Ebola, quarantine, and the need for a new ethical framework

  • Corey Benjamin Moore ORCID Mail School of Public Health and Community Medicine, University of New South Wales, Sydney, Australia.
Keywords:
Quarantine; Ethics; Ebola virus

Abstract

Quarantine is a broad public health strategy used to control infectious diseases outbreaks. An arguably most aggressive public health intervention, quarantine limits the asymptomatic individuals’ liberty and can result in significant harm. Quarantine was used in an attempt to control several Ebola outbreaks during the Ebola epidemic in West Africa in 2014. The most concerning quarantine intervention occurred at West Point, a slum of 75,000 people in the capital Liberian capital, Monrovia. This work critically reviews present ethical frameworks in public health for the examination of outbreaks in West Africa. This work utilizes the nine public health ethical principles described by Kerridge, Lowe and Stewart to argue that the quarantine at West Point was not ethically justified; and, it concludes that a new ethical framework for quarantine is required to address future outbreaks in the West African context.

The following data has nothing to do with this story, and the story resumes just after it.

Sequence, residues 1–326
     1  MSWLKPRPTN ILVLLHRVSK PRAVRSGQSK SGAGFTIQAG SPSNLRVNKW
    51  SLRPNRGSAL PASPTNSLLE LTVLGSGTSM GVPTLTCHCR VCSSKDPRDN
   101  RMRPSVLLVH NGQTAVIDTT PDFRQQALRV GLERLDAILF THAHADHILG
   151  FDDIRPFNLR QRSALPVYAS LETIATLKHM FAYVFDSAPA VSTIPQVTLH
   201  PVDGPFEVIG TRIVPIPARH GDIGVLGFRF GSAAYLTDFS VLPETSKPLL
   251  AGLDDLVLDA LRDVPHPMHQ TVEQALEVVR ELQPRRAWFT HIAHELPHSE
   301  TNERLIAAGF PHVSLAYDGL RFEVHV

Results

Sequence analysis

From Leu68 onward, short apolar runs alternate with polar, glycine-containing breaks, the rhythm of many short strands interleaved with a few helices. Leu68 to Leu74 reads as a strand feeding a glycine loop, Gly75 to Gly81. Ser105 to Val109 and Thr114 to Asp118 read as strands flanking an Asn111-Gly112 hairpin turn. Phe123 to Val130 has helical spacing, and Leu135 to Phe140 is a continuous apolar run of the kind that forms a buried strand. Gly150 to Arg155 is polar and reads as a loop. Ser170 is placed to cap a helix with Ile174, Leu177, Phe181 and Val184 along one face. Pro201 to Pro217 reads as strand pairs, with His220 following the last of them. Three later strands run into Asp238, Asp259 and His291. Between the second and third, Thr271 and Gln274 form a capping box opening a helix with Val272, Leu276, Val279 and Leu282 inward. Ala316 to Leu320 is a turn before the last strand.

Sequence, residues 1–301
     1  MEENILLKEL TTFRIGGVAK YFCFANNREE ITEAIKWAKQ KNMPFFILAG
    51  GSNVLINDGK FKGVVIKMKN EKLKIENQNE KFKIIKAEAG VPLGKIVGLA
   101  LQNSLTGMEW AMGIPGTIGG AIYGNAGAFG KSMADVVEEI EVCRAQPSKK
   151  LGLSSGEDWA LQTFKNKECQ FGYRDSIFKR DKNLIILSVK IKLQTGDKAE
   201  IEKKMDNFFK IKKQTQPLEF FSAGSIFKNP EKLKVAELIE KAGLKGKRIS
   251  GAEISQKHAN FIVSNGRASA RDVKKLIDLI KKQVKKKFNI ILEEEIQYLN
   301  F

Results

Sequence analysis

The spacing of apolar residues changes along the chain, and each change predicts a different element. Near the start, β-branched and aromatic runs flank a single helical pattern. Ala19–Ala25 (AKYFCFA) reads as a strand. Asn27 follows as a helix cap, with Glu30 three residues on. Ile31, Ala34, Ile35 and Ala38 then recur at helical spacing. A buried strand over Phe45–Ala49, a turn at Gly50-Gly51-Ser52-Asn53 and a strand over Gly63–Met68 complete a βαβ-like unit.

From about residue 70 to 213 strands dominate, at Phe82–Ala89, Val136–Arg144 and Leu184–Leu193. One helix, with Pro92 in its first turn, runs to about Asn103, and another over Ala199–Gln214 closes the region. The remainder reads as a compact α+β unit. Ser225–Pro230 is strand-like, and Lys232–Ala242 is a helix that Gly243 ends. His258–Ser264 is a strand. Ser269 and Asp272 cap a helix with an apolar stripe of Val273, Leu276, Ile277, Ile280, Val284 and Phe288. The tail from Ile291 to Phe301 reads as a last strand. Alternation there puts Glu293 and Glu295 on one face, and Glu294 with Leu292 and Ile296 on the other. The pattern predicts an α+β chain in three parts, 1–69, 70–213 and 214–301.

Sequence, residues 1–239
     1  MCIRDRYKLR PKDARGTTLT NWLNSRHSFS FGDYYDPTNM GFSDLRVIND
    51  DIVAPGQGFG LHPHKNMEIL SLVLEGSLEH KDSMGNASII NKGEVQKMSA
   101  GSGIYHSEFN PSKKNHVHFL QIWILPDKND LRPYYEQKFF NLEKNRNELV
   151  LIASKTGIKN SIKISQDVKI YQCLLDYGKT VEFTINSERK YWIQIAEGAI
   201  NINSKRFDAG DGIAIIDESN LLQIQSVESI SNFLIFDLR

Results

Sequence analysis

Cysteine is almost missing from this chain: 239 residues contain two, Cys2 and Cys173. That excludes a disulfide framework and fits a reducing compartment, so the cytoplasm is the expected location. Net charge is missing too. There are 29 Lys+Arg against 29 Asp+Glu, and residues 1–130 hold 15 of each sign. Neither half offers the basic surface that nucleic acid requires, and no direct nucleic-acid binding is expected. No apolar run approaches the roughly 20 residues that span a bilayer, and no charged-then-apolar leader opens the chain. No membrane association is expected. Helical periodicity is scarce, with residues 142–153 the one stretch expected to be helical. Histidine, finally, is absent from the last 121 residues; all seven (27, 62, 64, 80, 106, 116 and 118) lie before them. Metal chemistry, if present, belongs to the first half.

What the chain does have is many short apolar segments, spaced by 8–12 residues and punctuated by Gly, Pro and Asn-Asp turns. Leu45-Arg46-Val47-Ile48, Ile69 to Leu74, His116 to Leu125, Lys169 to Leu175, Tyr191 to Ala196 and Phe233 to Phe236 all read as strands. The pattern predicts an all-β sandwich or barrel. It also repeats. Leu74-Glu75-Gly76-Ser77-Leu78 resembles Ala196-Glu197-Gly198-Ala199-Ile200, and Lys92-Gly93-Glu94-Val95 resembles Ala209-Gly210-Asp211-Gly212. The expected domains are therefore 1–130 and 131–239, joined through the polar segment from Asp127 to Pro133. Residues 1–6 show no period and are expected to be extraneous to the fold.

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Published
2020-08-26
How to Cite
1.
Moore C. Ebola, quarantine, and the need for a new ethical framework. J Med Ethics Hist Med. 13.
Section
Commentary